Spray a 9-inch (23 cm) Bundt pan with baking spray, or grease very well and flour.

In a small bowl, combine the golden raisins and the apricots with the orange liqueur. Allow the fruit to soak up the liquid while you prepare the batter.

In a large bowl cream together the butter and sugar and vanilla until light and fluffy, a few minutes. Add the melted white chocolate and then the eggs, one at a time, mixing well after each addition. Pour in the milk, but don't mix in.

In a separate bowl, combine the dry ingredients: flour, almond flour, baking powder and salt. Sift these dry ingredient into the butter mixture bowl, then mix, just until combined. Fold in the raisin and apricot mixture and the orange zest.

Transfer the cake batter into the prepared Bundt pan, smoothing the top. Bake in the preheated oven for 1 hour, or until a toothpick inserted into the thickest part comes out clean. Cool in the pan on a wire rack for 10 minute, then turn out and cool until barely warm. Serve warm with a dusting of confectioners' sugar.

Monday, March 18, 2019

Sweetie's Instant Pot Cheesecake

Sweetie has loved cheesecake ever since I have known him and likely before that. He never asks me to make one for him but I often do for his birthday. One year in Berkeley we had a surprise birthday desserts party for him that included a green cheesecake with Irish whiskey in it. Having your birthday on St. Patrick's Day gets you that kind of strange thing.

This year we were in LA visiting our daughter. Kate has an Instapot so I thought that it would be fun to try making a cheesecake in the pot. I'd been told that everyone who tried that method was quite taken with the results. Ours was amazing! Although I couldn't eat any, I was told that it was the best cheesecake ever...creamy, just sweet enough, the perfect texture with a great crust.

There are only four things, plus one technique that make this different from any other cheesecake. First, you need an Instapot or Instant Pot or similar appliances that have a pressure cooking feature. Second, you need a 7" in diameter spring form pan. They are easily available on Amazon. Third, you need a trivet or rack that fits in the bottom of the pot. Some pots come with that, but we needed to buy one. We found a silicone trivet at Target that will work well for other things, too. Four - You need an electric hand mixer for making the batter. This works much better than a stand mixer to avoid adding extra air. Extra air gives you a souffle instead of a cheesecake.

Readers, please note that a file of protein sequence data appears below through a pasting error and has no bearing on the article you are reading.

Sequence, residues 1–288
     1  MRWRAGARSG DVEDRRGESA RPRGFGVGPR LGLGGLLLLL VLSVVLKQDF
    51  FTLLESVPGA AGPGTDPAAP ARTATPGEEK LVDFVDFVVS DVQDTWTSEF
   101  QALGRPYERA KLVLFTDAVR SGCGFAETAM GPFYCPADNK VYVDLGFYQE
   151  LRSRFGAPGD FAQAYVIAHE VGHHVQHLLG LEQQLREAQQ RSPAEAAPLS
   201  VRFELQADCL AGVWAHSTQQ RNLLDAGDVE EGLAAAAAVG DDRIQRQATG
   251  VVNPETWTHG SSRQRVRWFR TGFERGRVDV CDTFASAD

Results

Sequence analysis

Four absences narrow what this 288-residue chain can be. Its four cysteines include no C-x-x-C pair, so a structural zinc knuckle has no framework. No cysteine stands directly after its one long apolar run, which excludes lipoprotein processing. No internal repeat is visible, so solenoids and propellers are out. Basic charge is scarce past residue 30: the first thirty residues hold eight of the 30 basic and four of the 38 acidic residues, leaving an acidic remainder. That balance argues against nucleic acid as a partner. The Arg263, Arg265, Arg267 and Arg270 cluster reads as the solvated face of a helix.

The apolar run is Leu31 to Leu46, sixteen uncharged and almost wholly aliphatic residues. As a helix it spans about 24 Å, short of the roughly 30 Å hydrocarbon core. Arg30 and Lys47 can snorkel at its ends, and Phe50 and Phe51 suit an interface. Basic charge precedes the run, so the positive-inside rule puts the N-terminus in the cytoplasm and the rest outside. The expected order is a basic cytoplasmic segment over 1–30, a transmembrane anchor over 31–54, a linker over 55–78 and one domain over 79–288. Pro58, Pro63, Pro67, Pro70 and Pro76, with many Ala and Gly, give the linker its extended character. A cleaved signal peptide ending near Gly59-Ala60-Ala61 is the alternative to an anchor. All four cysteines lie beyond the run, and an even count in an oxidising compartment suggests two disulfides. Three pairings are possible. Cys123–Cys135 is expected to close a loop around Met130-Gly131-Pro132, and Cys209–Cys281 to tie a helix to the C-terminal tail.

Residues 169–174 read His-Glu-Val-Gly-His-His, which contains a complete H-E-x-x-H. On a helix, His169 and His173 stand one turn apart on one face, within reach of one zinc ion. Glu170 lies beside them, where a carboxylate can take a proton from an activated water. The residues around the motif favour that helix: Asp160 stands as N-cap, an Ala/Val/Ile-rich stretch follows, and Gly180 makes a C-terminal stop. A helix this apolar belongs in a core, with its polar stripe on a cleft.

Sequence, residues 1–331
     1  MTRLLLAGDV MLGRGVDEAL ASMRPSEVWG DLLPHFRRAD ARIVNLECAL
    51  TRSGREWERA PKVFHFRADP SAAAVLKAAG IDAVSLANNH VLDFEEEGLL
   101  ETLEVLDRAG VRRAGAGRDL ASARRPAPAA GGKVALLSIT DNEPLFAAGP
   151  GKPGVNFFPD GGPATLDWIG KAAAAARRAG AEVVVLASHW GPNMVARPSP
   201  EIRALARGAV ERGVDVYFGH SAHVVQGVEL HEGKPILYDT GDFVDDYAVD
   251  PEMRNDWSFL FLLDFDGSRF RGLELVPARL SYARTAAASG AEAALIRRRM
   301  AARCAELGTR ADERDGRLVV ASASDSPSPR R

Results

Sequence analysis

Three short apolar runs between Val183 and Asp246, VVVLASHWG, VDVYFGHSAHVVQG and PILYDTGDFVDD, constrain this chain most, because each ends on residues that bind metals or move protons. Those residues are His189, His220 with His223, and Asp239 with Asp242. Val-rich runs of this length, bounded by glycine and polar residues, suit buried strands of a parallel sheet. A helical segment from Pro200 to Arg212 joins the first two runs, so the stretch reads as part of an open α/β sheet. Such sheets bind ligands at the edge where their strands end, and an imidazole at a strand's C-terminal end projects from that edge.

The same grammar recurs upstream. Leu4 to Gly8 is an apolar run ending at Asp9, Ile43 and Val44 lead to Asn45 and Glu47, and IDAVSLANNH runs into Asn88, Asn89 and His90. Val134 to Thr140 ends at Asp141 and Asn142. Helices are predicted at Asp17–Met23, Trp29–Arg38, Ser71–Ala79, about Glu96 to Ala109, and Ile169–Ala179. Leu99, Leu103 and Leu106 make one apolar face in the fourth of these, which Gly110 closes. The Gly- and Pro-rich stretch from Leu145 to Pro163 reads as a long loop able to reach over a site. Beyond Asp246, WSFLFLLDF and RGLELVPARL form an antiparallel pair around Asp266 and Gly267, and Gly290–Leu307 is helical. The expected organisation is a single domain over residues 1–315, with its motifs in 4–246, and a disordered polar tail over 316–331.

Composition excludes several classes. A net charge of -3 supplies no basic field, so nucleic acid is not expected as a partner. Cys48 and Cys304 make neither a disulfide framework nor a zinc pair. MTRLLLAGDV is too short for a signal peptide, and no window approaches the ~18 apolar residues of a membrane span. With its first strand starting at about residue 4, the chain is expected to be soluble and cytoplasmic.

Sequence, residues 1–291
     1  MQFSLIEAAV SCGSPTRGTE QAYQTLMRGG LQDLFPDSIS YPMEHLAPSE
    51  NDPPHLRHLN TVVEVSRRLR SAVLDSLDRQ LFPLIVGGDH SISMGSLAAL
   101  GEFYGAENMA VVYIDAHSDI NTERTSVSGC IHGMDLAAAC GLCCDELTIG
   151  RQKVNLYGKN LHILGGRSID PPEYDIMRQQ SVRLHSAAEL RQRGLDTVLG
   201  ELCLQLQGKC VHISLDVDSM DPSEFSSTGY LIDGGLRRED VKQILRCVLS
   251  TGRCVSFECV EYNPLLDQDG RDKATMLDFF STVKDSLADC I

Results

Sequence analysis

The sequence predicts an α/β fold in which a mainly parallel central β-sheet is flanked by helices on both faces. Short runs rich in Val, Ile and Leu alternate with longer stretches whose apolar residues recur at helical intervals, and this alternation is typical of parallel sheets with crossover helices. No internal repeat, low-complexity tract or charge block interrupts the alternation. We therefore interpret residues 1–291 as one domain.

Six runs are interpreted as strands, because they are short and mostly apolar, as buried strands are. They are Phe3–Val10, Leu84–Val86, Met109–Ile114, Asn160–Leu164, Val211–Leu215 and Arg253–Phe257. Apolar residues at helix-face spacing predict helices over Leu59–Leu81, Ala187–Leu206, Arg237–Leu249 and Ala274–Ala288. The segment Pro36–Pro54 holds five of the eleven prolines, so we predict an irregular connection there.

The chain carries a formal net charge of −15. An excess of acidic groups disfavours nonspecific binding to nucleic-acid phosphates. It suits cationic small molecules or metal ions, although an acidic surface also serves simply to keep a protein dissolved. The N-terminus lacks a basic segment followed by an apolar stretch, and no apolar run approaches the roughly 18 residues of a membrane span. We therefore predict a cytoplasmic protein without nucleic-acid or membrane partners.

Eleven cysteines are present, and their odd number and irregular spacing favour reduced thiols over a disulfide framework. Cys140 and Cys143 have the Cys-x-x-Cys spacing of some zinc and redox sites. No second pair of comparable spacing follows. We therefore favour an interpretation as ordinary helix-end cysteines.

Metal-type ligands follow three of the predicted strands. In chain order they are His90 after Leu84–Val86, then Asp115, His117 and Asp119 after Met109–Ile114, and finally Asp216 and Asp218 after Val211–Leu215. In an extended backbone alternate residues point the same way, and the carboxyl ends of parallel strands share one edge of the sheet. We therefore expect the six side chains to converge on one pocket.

The technique that is different is that you need to be sure to beat in as little air as possible during creation of the batter...well, and steaming in the Instapot is different than baking.

The recipe itself is the usual one of a graham cracker crust with a cream cheese based filling, enriched with eggs. I also added some Meyer lemon zest for zing and we decorated it with blueberries and some sliced strawberries that I had marinated with a little bit of sugar and lemon juice due to the fact that it's not yet strawberry season.

This is a quick and easy recipe, but it requires a bit of planning ahead. DO let the ingredients sit out to come to room temperature...essential if you want that smooth, creamy filling that we love. DO freeze the graham cracker crust for at least 20 minutes. That way you have a stable crust to hold the filling. DO chill at least four hours before serving after cooking, or overnight. We did overnight, just to be sure.

Spring is coming with all the delicious berries...and this is the perfect dessert to serve with them!

Instant Pot Cheesecake
by Amy & Jacky - Pressure Cook

10 (120g) graham crackers, finely ground (I used a food processor)
3-4 tablespoons (42g - 56g) butter or margarine, melted
a pinch sea salt

Batter (7 inches x 3 inches)

16 oz. (454 g) cream cheese, room temperature
2 large eggs, room temperature
1/2 cup (120g) sour cream, room temperature
2 tablespoons (16g) cornstarch
2 pinches sea salt
2/3 cup (133g) granulated sugar
2 teaspoons (10ml) vanilla extract

Crust: Melt the butter. Add the fine graham cracker crumbs and sea salt and mix to thoroughly combine. Before you do this, make sure that you have put out the cream cheese, eggs and sour cream to come to room temperature.

If desired, line the 7-inch x 3-inch springform pan with parchment paper. Add the crust mixture and firmly pack all over the bottom and part way up the sides. (See sides in the photos.) The back of a teaspoon works well for packing the mixture firmly. No butter is needed on the parchment or you can skip the parchment as I did. Put the pan in the freezer for at least 20 minutes while you make the cheesecake batter.

Batter: Use a hand mixer, not a stand keep the batter from having too much air.

In a small bowl mix together the cornstarch, salt and granulated sugar. Set aside.

Check to make sure that the cream cheese, eggs and sour cream are at room temperature. If they are not, wait until they are.

In a large mixing bowl place the cream cheese. Using low speed, briefly use the hand mixer to break up the cheese by beating it for 10 seconds.